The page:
Comment on this is almost unnecessary. "Lovers of pleasure more than lovers of God," is written all over this and the various "Church entertainments," minstrels, etc. If the contention were proved true, that men and boys are kept out of saloons by this means, still there is no excuse for associating with these things the name of Christ's Church, nor of calling such things young men's Christian associations and amusements.

Let us ever remember that morality is not synonymous with Christianity. The Christian is one who has passed through the strait gate and into the narrow way of self-denial—one who, having taken up his cross to follow his Lord, has left all for this blessed service. Such have other uses for their consecrated time and talents than killing them in playing even innocent games. As the poet says,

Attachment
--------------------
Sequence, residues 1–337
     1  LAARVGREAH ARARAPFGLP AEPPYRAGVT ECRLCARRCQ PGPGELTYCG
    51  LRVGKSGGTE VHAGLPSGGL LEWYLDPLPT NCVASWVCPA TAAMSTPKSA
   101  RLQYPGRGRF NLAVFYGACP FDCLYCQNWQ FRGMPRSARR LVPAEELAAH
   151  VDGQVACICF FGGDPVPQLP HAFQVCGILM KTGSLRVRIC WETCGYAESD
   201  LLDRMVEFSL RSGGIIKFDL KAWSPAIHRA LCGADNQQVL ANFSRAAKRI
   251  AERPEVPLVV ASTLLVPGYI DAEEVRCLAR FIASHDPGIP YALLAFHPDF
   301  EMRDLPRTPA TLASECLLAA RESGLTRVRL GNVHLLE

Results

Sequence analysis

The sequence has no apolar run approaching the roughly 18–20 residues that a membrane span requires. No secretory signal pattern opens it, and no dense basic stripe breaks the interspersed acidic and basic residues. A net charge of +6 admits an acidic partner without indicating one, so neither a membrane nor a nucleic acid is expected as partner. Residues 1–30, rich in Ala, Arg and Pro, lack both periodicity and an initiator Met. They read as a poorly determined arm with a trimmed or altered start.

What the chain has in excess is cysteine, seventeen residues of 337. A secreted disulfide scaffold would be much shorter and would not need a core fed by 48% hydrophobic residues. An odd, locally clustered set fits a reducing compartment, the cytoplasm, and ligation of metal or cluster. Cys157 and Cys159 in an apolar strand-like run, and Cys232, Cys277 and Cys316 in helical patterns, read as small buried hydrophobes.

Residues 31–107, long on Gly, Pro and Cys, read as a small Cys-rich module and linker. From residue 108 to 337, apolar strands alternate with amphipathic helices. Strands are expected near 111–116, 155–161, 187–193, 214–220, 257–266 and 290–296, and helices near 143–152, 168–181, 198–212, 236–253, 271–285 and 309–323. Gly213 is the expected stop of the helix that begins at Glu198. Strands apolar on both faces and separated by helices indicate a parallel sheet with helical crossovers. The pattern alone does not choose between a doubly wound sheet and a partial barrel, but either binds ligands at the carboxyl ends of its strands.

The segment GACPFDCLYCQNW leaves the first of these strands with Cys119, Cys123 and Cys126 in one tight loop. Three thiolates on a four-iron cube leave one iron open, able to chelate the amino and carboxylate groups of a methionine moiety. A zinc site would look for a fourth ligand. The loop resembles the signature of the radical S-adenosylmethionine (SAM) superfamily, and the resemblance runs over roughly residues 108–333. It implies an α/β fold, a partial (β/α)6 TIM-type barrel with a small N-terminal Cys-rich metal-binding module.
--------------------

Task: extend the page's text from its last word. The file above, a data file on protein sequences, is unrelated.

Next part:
"We are living, we are dwelling,
In a grand and awful time:
In an age on ages telling,
To be living is sublime."

The steward of God's favors who hides his talent in the earth, or in a billiard parlor, or in business, or in pride and show, will be termed a "wicked and slothful servant," and only those who have used, and thus increased their talents, will hear the longed-for words,—"Well done, good, faithful servant, enter into the joys of thy Lord."—Matt. 25:23-30.